When legislators in the EU came up with the GDPR legislation, I know they had the best intentions to protect the rights of users.
For too long digital media, marketing, and advertising technology platforms have been harvesting and monetising data (albeit cookie data, for the most part) without the knowledge of the user.
The EU decided to take on this practice by introducing the GDPR – and force companies handling PII to give more control to users.
Whilst nobody can argue against the logic of the legislation, I doubt EU legislators could have envisaged the unintended consequences of their lofty attempts to empower EU citizens to take a stand against the questionable use of PII (Personally Identifiable Information).
Here I list the 10 probable unintended consequences of the GDPR and their likely effect on the digital marketing ecosystem in the EU.
1. Strengthening the duopoly, weakening the 20 percenters – in the short term
Many say the GDPR was conceived as a means of blunting the control of the duopoly. This is utter nonsense. Legislators have been concerned about how both Facebook and Google process data, but the GDPR wasn’t architected as a way to control their dominance in Europe.
But one of the biggest unintended consequences is likely to be a strengthening of the duopoly. Their power is absolute in digital advertising. They control nearly 80% of digital spend in the EU.
I am about to tell you that things are going to get worse before they get better. I am predicting that the duopoly is going to get to a 90% share of the digital ad market in the next 12 months.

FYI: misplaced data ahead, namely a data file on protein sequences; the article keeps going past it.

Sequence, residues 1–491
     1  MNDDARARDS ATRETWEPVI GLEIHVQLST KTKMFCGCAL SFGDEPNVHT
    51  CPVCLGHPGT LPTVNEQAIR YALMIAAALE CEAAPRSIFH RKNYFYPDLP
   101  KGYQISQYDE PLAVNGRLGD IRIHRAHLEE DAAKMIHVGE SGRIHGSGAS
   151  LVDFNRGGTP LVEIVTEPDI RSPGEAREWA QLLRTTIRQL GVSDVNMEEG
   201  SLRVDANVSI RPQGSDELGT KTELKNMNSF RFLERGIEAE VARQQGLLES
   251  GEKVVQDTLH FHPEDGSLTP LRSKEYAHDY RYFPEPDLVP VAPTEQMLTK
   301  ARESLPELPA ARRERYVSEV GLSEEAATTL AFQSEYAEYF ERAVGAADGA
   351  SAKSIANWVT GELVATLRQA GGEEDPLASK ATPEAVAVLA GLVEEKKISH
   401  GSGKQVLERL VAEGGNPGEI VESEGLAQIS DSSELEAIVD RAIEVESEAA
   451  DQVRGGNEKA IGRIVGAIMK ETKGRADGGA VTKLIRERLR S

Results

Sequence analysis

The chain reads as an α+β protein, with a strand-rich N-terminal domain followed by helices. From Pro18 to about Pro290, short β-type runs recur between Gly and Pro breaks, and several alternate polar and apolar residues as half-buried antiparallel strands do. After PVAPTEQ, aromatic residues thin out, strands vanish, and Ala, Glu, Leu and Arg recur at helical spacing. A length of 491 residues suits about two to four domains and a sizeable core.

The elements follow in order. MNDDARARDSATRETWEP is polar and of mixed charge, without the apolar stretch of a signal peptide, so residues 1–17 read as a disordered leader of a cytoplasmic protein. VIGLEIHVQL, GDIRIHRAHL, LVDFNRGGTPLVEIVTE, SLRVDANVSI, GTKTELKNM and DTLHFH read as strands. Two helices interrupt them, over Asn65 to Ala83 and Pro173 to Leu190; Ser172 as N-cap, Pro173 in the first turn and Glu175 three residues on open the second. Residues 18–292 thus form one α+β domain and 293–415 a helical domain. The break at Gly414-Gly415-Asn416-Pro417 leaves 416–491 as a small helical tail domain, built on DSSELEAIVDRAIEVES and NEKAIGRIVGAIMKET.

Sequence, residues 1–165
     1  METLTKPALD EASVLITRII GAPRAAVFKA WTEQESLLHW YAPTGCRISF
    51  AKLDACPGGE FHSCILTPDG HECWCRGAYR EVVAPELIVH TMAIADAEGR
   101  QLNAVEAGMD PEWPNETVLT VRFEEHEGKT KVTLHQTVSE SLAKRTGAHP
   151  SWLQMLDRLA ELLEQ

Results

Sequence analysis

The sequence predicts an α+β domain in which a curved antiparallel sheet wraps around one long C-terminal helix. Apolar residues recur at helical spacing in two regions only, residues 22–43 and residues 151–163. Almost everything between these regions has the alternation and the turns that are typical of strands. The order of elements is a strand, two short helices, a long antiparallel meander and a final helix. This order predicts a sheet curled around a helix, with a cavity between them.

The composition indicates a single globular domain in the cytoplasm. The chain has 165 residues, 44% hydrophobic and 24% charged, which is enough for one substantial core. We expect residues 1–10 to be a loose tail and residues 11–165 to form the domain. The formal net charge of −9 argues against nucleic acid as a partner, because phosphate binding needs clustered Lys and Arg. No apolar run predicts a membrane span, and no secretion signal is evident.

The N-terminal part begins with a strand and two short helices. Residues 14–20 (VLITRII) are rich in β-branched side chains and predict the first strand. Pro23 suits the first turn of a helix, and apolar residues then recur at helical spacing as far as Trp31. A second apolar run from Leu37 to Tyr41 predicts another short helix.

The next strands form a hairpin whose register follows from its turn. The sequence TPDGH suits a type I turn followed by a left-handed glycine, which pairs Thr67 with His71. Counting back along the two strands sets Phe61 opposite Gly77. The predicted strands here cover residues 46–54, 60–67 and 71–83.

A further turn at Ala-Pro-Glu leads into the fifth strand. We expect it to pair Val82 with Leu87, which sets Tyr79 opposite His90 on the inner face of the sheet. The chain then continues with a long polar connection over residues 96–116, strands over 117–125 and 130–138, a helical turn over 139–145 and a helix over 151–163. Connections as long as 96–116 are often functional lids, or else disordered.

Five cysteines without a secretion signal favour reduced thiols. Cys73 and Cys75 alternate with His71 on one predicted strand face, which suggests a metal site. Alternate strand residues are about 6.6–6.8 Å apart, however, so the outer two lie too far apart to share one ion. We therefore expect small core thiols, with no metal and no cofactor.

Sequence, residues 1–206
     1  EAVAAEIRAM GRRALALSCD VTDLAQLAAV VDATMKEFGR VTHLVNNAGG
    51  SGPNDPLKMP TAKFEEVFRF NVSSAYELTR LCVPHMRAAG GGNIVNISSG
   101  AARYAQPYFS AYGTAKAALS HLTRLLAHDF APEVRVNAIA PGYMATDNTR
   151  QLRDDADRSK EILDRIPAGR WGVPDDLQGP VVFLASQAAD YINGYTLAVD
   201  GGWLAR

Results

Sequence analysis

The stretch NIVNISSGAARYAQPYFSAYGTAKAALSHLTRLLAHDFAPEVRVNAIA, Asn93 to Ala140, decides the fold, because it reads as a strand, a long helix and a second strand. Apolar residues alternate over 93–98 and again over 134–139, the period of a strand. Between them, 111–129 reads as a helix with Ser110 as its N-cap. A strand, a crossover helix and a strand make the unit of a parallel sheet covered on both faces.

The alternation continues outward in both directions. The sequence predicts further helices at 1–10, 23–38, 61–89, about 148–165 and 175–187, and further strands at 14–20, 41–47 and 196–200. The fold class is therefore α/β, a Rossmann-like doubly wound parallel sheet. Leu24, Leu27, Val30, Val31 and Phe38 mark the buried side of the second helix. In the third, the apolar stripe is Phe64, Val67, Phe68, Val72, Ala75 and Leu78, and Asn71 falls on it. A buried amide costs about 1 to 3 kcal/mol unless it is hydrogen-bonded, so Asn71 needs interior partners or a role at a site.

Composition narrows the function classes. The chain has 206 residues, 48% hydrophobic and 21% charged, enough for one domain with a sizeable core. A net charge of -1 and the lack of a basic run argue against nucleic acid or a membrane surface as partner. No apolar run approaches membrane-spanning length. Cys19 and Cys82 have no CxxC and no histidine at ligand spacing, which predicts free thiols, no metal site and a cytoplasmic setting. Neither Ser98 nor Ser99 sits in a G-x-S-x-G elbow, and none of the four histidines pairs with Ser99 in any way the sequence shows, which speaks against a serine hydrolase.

The GDPR, in its current guise, is a godsend for the duopoly. For years, advertisers and agencies have been pushing Google and Facebook for independent measurement and the ability to extract data. This is useful for basic things like frequency capping and insight.
The GDPR now almost makes this impossible. Google and Facebook will have no oversight. They get to mark their own homework. It’s a ridiculous situation. But brands need the duopoly more than it needs the brands. Those walls just got a little higher; and from the conversations I have been having with European agency heads, more money is coming their way.
2. Big publishers will be the first victim of GDPR
While I have an ambivalent relationship with Google, I do think their stance on GDPR has been correct. Absolute consent is necessary to use and process users’ PII. Legitimate interest is not legally defensible for some of the practices that take place in this industry – Google has been pushing this aggressively and has been backed by the WFA.
What I have been shocked by, in the run up to GDPR, is the way publishers have been approaching it. The majority of them believe legitimate interest will be fine. While this is a grey area, I think they will be first in line to be tested by this legislation.
Go to any of the top newspaper publisher sites and run a cookie audit, and count the number of cookie syncs taking place on a single page.
What’s New in Publishing: GDPR – the Ultimate Publisher’s Guide